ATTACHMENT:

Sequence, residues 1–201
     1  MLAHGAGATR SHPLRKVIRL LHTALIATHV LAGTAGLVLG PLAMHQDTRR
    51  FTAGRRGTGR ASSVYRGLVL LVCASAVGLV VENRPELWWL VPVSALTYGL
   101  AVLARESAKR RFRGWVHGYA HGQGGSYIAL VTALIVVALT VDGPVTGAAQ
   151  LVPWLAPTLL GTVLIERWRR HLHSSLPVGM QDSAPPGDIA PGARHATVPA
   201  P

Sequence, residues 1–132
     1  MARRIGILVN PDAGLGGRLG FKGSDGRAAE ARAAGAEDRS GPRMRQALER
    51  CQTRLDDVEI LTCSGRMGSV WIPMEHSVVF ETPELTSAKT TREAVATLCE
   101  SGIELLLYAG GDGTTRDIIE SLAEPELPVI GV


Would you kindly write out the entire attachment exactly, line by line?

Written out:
Sequence, residues 1–201
     1  MLAHGAGATR SHPLRKVIRL LHTALIATHV LAGTAGLVLG PLAMHQDTRR
    51  FTAGRRGTGR ASSVYRGLVL LVCASAVGLV VENRPELWWL VPVSALTYGL
   101  AVLARESAKR RFRGWVHGYA HGQGGSYIAL VTALIVVALT VDGPVTGAAQ
   151  LVPWLAPTLL GTVLIERWRR HLHSSLPVGM QDSAPPGDIA PGARHATVPA
   201  P

Sequence, residues 1–132
     1  MARRIGILVN PDAGLGGRLG FKGSDGRAAE ARAAGAEDRS GPRMRQALER
    51  CQTRLDDVEI LTCSGRMGSV WIPMEHSVVF ETPELTSAKT TREAVATLCE
   101  SGIELLLYAG GDGTTRDIIE SLAEPELPVI GV